OPPOSITION LEADERSHIP. These reflections are brought up because it has been said many times that opposition does not have leaders; but, in fact, it has had; and many. Some people have played the role of opposition leaders, notably including Enrique Mendoza and Henrique Capriles, along with Carlos Ortega, Pedro Carmona, Juan Fernández, Carlos Fernández, Manuel Rosales, and other regional or sector leaders. October 7th marked the end of a stage that apparently signifies the end of Henrique Capriles' nationwide leadership; although it is possible and desirable that he continues as the leader in Miranda State. Each one of them has represented a time that does not result from their genetic marks, but from the role they have played and that they no longer play. However, nobody can take it for granted that they cannot have another chance.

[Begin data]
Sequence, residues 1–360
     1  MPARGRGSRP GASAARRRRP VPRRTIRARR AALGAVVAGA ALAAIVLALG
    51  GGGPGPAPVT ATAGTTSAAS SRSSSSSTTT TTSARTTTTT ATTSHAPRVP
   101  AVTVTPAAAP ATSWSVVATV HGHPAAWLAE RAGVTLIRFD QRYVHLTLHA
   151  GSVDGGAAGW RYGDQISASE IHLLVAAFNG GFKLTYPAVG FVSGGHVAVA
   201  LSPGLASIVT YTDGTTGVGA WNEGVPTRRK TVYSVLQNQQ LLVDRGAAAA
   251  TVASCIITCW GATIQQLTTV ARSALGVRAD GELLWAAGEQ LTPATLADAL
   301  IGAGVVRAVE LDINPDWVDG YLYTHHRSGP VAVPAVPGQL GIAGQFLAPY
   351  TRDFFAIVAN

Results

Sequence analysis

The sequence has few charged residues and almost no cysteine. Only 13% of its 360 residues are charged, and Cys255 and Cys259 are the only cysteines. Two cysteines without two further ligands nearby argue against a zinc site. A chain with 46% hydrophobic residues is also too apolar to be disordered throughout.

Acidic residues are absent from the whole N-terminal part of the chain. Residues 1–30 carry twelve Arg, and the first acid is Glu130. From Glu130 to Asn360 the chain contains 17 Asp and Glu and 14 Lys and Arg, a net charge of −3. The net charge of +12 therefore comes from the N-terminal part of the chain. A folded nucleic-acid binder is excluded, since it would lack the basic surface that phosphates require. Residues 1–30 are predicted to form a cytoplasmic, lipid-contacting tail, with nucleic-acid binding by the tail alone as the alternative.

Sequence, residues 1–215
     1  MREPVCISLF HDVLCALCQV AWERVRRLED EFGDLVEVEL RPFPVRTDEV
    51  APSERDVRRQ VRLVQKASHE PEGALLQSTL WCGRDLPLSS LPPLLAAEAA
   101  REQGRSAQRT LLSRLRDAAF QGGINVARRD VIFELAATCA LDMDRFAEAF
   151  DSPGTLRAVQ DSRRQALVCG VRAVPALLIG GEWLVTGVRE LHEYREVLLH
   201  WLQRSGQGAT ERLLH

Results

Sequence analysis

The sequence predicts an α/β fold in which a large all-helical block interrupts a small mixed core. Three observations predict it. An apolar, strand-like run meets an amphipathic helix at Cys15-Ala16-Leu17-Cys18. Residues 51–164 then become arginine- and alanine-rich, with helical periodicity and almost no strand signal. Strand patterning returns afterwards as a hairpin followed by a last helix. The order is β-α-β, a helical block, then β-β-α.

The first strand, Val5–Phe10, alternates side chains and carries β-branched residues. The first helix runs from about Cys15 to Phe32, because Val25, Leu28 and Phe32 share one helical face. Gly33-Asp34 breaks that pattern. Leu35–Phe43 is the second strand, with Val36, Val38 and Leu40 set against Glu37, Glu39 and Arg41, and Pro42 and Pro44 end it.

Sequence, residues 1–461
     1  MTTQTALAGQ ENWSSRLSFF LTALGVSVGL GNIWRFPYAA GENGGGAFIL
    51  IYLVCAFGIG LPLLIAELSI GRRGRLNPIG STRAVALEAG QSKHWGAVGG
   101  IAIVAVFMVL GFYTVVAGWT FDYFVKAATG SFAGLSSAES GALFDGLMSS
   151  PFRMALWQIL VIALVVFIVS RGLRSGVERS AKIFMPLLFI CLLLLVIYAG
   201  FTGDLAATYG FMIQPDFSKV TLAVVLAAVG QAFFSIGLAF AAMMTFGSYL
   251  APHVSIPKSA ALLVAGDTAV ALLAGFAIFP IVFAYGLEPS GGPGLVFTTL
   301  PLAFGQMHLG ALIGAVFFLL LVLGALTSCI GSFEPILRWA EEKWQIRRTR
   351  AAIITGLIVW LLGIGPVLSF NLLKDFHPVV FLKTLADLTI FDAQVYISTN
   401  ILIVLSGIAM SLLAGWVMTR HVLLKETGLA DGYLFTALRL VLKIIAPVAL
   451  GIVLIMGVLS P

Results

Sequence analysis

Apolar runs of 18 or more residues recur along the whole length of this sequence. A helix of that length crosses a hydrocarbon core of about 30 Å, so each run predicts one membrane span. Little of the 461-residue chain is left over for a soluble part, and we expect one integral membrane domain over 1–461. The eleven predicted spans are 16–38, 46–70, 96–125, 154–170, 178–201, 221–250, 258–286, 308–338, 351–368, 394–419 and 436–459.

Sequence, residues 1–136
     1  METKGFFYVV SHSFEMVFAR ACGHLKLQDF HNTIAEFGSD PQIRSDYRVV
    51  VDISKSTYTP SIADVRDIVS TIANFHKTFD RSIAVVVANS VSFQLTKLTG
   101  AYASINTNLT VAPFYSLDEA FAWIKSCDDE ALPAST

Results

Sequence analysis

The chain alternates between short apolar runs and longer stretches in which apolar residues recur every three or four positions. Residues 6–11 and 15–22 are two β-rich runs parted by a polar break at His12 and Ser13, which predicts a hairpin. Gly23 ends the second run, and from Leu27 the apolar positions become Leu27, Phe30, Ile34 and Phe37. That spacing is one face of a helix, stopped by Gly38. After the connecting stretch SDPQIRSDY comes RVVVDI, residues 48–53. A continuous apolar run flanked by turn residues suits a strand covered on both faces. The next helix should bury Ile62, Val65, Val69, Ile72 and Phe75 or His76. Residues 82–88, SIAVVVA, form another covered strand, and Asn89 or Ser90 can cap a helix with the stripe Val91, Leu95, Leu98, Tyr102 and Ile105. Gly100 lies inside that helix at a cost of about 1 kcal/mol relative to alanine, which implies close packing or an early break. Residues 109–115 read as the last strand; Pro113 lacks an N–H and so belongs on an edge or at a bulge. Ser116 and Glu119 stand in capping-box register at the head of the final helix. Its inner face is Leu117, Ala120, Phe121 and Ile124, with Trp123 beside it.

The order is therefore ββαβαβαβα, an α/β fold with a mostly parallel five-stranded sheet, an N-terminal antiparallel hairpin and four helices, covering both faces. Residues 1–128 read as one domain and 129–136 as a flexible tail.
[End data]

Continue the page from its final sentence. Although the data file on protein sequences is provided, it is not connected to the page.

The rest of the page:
December 16 election does not appear to be an opportunity to create new national leaders. The democratic leadership space is empty once again and, therefore, it is open. The new forces of freedom, contrary to what happens within Chavezism, have been able to produce leaders for each time when they have been needed; for heroic days from 1999 to 2005 and for the commendable electoral effort from 2006 to 2012, in both periods with victories (Chávez' ousting, demonstrations that somehow changed election conditions; 2007's opposition victory; and victories in past gubernatorial and congressional elections), but also with relevant defeats.
The essential feature of a new leadership now is the proper characterization of the regime and the good sense to answer the key question: how can people replace a regime through constitutional means, when said regime resorts to every legal and illegal, violent and peaceful ways to remain in power?
Translated by Álix Hernández
That political protest in Venezuela has lost momentum seems pretty obvious: people are no longer building barricades to block off streets near Plaza Francia in Altamira (eastern Caracas), an anti-government stronghold; no new images have been shown of brave and dashing protesters with bandanna-covered faces clashing with the National Guard in San Cristóbal, in the western state of Táchira; and those who dreamed of a horde of "Gochos" (Tachirans) descending in an avalanche to stir up revolt in Caracas have been left with no option but to wake up to reality.